Doctor of Leadership in Global Perspectives: Crafting Ministry in an Interconnected World

Speaking of Speaking…(and Listening)

Written by: on April 19, 2023

While a Lead Pastor does a bunch of other work outside of the pulpit, they can’t escape the fact that they speak for a living (unless they have a preaching pastor on their team). Most of us as Lead Pastors can struggle to be organized or do mediocre HR and still be in the congregation’s good graces…but if our preaching is ineffective: trouble!

Here are some points where Treasure and I went deeper together:

Speaking from a Context (Our own):

I am a big believer in ‘team teaching’ for larger churches that have multiple Pastors who are gifted with that charisma—it’s more healthy for the church and guards against the celebrity culture that Evangelical churches tend to gravitate towards. While Julian Treasure identifies a lot of common characteristics that help with effective communication in his book, How To Be Heard: Secrets for Powerful Speaking and Listening, (1) we can’t get away from the fact that each individual speaker will connect with a particular portion of any given crowd. This is, in part, because our talk arises out of the context of ourselves and then is communicated through the medium of ourselves. (2). Thus any talk given from the same passage of scripture, even with identical content, will be presented and received differently by the listeners. This diversity serves the diverse body of Christ who gather each Sunday to listen and learn.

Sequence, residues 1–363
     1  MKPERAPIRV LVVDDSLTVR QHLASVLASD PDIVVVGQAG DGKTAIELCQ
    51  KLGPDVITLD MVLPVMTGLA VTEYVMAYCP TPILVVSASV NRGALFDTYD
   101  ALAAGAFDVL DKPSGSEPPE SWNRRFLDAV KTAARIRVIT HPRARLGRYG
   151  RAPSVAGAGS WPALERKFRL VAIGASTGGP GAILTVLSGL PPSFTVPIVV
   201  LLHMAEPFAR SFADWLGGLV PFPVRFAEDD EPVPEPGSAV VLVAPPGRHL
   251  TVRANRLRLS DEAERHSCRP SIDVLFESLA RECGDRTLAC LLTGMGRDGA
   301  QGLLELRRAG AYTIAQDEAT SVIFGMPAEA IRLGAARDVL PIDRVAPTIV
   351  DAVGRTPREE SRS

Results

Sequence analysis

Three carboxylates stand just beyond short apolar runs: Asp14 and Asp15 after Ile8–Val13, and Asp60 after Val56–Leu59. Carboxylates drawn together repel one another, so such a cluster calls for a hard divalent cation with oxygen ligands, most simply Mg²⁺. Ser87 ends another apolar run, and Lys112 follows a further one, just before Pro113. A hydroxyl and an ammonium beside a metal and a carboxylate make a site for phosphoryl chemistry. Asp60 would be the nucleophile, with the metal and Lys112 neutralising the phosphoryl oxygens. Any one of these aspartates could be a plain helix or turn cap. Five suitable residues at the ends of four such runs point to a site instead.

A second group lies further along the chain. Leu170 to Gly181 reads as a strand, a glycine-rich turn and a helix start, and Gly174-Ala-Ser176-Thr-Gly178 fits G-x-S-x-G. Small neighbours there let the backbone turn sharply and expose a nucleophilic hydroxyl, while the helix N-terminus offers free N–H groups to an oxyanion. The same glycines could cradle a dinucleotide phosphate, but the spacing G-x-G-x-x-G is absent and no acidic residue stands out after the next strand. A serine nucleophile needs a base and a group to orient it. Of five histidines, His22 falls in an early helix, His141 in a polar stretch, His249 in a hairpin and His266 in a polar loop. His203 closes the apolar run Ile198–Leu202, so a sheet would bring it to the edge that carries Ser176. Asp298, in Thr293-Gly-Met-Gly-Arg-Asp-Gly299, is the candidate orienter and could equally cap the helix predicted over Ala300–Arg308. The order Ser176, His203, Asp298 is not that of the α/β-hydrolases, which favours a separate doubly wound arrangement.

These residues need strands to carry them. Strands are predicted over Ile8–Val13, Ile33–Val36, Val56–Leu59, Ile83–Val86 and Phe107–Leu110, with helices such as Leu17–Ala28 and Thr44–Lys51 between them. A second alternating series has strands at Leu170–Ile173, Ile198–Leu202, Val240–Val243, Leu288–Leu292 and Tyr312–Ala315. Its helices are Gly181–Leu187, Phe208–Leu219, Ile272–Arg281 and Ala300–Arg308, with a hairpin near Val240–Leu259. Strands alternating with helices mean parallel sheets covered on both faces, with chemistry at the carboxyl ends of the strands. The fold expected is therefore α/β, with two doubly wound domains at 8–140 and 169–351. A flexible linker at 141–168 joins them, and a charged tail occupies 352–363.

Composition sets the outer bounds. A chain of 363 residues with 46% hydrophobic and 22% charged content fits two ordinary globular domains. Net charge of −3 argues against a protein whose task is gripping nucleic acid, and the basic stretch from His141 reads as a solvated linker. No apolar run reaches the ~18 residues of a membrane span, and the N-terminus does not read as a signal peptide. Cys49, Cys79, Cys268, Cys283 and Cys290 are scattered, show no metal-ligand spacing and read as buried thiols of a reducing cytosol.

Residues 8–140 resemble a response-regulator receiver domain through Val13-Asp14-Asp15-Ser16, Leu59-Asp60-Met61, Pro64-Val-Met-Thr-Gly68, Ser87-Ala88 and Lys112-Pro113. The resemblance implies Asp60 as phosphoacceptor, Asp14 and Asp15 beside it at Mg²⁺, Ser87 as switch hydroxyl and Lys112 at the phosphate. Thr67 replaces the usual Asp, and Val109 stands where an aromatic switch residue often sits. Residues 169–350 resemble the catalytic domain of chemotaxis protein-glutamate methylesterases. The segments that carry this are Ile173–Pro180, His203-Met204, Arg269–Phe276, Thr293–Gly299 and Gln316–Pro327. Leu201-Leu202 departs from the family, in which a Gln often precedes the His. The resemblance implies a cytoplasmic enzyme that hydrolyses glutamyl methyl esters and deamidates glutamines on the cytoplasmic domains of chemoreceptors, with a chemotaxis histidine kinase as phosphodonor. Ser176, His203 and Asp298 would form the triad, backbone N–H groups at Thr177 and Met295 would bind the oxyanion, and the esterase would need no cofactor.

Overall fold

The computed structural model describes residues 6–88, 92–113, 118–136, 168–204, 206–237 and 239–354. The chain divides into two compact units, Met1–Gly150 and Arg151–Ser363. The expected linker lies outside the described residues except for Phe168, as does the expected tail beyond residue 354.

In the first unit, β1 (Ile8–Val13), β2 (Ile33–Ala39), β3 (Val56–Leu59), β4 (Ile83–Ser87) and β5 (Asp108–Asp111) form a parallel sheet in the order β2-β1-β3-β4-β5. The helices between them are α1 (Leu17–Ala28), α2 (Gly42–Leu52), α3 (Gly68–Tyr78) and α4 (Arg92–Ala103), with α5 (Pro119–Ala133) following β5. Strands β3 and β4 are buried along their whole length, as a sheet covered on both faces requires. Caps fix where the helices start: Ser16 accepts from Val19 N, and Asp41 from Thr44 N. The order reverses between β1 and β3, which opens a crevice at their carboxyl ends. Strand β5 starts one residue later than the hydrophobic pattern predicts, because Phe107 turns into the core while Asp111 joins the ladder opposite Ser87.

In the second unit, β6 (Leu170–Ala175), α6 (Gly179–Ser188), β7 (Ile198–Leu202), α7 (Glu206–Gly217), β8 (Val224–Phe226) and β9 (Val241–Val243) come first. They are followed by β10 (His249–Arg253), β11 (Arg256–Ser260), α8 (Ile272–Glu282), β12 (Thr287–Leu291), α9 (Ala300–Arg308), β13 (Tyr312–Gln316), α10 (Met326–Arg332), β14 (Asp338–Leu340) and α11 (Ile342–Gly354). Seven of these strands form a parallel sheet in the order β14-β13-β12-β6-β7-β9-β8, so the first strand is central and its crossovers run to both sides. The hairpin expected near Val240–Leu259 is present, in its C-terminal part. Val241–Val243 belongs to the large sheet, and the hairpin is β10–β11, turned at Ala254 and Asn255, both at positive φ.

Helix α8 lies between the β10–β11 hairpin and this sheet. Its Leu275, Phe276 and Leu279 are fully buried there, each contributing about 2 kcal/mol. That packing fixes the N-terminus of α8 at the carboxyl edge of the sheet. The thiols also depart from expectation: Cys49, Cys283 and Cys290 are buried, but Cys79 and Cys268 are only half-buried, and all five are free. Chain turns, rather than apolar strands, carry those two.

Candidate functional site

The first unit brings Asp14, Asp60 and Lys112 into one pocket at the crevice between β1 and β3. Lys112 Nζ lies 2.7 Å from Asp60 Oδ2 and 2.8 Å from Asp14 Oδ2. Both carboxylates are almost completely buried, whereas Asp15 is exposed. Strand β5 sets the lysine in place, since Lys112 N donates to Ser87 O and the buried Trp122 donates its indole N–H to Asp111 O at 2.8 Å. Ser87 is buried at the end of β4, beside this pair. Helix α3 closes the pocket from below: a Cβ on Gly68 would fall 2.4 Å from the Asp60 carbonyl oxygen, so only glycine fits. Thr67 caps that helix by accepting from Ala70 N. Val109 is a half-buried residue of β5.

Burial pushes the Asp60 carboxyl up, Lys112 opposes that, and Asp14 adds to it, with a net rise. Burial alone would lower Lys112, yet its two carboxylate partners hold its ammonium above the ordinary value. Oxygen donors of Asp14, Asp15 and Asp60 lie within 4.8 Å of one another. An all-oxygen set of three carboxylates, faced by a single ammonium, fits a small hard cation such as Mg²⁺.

Two Areas Where I can Improve My Communication:

I decided to go through Treasure’s book as a sort of grid to evaluate my own speaking habits and two points stood out to me: